Originally from Georgia, Nellie D. Duke worked for the ratification of the Equal Rights Amendment in the late 1970s and early 1980s. She has also been involved with the Council on Child Abuse; Family Connections; Women's Leadership Forum; the NAACP, and the League of Women Voters. She has served as president of the American Legion Auxiliary and United Methodist Women and was a state committee member of the Women's Vote Project. Duke helped found two women's groups -- the West Georgia Women's Forum and the Georgia Women's Alliance -- and serves on advisory committees for the Institute for Women's Policy Research and Georgia Coalition of Black Women as well as the boards of Today's Atlanta Woman magazine, Southwire Company and Possible Woman Enterprises. Chief executive officer of the Georgia Commission on Women and the Georgia Woman of the Year Committee, Inc., Duke joined the Commission at its founding in 1992, and served as chair until 2000. Duke recently was awarded the Carroll County Chamber of Commerce Community Service Award as well as awards from the American Association of University Women, League of Women Voters and the Georgia Federation of Women's Clubs, and was appointed to the advisory boards of Rollins School of Public Health at Emory University School of Medicine and the Task Force for Prevention of Cardiovascular Disease at the Georgia Department of Public Health. In 1999, Duke was chair of the Georgia Stakeholders Task Force of the Equal Employment Opportunity Commission (EEOC) and the Task Force on Violence and Abuse in Carroll County, and served on the Women's Advisory Council of the Board of Corrections. Duke also was a member of the State Committee of the Democratic Party and vice chair of the Carroll County Democratic Executive Committee, serving as a delegate to the state convention.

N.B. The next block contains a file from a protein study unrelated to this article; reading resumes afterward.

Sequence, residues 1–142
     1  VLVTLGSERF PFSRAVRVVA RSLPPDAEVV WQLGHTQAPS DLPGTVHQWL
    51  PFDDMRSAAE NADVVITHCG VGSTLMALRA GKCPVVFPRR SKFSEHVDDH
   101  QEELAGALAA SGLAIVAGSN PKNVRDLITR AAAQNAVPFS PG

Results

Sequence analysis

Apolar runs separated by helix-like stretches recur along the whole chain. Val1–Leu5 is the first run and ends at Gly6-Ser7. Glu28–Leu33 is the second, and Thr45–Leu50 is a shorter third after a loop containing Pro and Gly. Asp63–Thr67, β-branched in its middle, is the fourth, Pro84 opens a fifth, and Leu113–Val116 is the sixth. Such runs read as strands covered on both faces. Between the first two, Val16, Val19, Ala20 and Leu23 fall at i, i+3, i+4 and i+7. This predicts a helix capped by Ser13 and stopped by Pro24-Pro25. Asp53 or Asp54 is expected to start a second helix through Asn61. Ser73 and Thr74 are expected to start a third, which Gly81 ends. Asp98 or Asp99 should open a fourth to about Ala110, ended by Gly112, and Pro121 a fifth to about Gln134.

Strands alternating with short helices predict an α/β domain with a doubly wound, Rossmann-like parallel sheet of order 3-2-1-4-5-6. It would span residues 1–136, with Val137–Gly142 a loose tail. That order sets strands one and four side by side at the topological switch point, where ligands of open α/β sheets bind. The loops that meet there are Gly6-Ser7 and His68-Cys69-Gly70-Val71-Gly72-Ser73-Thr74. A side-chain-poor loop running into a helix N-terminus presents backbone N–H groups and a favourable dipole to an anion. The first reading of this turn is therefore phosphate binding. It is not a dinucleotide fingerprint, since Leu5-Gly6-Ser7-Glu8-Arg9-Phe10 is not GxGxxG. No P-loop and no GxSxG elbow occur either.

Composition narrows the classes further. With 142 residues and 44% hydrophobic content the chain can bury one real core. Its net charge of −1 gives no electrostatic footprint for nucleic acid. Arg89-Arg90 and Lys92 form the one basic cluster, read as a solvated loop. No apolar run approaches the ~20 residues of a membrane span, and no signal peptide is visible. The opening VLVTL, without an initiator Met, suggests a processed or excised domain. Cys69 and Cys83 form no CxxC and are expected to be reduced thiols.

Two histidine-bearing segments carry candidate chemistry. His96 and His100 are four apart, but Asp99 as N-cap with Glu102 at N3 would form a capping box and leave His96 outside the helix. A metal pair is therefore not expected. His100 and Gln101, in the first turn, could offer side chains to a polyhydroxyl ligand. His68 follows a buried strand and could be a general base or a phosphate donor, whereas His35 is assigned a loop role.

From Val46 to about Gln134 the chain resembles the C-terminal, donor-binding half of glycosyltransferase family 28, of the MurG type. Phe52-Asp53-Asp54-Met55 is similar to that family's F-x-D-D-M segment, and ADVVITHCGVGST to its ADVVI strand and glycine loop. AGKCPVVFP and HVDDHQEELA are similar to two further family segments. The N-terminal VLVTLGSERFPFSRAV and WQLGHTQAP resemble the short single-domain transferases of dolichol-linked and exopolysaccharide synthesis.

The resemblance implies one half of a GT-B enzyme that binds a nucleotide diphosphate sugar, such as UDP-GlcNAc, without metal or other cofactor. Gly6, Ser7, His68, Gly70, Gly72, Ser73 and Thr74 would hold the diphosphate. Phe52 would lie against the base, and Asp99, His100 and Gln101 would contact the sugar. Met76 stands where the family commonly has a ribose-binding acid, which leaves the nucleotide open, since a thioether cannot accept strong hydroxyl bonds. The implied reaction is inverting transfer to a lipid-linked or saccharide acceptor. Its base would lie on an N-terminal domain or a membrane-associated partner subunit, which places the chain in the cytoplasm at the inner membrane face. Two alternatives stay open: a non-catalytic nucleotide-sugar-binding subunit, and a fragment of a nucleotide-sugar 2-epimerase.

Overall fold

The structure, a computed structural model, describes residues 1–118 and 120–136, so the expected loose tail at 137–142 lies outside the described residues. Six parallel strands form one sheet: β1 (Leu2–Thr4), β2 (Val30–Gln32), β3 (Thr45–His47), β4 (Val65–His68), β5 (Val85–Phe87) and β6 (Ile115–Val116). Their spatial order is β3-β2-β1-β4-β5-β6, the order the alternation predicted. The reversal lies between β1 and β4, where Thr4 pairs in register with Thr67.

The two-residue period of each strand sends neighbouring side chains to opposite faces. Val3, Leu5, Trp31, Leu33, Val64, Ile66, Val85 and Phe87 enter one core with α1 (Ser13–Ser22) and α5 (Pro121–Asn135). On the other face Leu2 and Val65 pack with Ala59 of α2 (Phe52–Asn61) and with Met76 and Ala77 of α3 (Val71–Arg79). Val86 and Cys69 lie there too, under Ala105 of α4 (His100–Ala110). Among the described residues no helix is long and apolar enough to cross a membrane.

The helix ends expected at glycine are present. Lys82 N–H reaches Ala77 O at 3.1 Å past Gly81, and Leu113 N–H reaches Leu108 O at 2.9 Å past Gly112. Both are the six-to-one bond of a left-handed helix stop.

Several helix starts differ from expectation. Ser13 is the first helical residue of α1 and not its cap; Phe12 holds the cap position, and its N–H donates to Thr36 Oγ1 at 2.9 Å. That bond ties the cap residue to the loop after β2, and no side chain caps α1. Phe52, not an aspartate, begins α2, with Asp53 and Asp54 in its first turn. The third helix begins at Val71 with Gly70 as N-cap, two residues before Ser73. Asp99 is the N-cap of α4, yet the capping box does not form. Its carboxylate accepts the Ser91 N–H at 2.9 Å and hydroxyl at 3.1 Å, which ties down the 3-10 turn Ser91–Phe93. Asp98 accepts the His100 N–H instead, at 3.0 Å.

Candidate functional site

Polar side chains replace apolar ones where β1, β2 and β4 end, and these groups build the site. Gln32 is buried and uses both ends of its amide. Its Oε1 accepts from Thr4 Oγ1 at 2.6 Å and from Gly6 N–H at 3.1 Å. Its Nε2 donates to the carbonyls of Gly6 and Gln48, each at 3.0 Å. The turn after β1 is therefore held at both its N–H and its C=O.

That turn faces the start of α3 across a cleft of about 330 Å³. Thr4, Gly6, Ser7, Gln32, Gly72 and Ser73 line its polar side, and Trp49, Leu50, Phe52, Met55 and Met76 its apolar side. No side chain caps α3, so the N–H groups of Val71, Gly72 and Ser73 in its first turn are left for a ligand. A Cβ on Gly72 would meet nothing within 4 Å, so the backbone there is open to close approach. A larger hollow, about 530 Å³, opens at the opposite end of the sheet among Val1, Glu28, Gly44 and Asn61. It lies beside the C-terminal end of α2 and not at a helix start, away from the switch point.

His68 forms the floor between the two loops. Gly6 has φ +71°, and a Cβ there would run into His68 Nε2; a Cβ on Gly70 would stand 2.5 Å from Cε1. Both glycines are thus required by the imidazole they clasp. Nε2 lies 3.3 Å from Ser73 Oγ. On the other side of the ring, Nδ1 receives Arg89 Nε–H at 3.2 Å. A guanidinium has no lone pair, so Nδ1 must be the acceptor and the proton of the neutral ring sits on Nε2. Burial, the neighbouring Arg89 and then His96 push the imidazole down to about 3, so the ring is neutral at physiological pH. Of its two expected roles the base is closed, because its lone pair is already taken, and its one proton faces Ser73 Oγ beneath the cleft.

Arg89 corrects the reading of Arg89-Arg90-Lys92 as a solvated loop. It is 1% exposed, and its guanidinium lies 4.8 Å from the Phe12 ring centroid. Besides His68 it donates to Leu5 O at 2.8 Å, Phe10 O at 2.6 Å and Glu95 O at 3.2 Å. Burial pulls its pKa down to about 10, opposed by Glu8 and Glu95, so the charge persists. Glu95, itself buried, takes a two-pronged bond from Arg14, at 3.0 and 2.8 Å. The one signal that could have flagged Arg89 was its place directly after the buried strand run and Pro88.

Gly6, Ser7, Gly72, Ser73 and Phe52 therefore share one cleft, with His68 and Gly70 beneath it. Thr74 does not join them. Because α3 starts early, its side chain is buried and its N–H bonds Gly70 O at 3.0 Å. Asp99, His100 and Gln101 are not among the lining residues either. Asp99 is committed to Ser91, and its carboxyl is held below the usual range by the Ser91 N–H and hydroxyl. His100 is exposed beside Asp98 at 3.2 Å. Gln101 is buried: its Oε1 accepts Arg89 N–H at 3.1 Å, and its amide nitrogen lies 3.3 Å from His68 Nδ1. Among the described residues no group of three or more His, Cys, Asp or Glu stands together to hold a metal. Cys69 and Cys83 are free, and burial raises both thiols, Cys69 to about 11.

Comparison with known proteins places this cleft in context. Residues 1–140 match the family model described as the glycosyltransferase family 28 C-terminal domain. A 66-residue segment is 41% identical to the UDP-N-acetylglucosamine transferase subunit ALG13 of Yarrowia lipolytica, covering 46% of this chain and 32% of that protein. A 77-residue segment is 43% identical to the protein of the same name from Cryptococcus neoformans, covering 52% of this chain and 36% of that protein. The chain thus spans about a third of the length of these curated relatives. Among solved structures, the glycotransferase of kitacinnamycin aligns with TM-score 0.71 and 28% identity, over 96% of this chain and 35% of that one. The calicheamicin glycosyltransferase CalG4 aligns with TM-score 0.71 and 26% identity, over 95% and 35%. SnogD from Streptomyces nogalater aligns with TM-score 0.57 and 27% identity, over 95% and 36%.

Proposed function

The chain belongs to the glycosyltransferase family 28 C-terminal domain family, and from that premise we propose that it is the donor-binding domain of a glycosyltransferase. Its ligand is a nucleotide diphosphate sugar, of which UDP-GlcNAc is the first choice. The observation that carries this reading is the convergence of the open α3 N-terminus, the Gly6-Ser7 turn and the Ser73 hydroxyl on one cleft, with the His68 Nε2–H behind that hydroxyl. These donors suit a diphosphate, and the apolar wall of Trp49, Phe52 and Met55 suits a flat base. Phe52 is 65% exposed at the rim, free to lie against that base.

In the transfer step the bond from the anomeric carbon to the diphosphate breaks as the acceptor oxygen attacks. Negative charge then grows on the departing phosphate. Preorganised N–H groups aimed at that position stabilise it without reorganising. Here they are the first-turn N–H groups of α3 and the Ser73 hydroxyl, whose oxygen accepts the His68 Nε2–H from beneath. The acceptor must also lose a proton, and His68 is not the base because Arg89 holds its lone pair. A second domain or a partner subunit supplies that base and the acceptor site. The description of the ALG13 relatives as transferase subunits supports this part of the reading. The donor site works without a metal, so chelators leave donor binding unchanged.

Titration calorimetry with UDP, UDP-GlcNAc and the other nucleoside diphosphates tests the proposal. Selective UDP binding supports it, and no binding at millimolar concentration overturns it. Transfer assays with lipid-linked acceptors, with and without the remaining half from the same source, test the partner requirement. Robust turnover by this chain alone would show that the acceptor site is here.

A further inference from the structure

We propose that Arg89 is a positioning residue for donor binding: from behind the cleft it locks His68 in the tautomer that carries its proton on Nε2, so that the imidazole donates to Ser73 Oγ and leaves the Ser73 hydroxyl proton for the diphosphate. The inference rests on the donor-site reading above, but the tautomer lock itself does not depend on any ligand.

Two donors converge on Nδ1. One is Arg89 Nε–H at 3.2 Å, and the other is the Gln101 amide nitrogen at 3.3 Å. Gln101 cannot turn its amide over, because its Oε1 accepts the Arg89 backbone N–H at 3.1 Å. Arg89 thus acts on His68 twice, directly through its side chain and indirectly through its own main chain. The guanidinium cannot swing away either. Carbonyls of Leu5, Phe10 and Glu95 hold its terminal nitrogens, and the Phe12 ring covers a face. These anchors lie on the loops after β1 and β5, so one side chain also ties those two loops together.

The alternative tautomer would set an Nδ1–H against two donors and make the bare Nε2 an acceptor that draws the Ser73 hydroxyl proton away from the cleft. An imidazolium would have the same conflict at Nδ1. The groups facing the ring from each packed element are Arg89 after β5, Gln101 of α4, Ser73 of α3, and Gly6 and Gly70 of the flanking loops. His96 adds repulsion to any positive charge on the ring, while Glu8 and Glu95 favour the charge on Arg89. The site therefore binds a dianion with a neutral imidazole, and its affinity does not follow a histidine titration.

Abstract of the full interview
Duke describes her childhood in a small mill village outside of Rome, Georgia and recalls the time when she first started to notice that, "working women had a different set of problems and priorities…than other women." She discusses her interests and her personal life, and explains how she became involved in social activism. By 1970 Duke was working for her PTA and with Georgia state Senator Lamar Plunkett to ratify the Nineteenth Amendment. She recounts her involvement with a number of organizations, such as the Council on Child Abuse, Family Connections, Women's Leadership Forum, the NAACP and the League of Women Voters, and she discusses reaching out to professional and community organizations to raise awareness and support for the Equal Rights Amendment. Encouraged by her son, Duke recounts her experiences at the Capitol, when she met with Tom Murphy (the Speaker of the House) and Joe Frank Harris (head of the Appropriations Committee) to try to persuade them to support the ERA. Duke believes that the ERA was defeated because most of the Georgia legislators were men; because many women were afraid that they might lost the "safety and protection of their husbands;" and because the amendment, and its political consequences were misunderstood. After the ERA failed to pass, Duke continued to work on many women-related issues. She describes in detail her experiences as a founding member of Georgia's Commission on Women, as well as the work of the Commission, and she goes on to talk about her efforts, and the efforts of the Georgia Women's Alliance to get women appointed to state boards, commissions, authorities and agencies. Duke finishes by describing the issues that she considers to be most important today, highlighting childcare for working mothers, pay equality, and recognition of the achievements of women.
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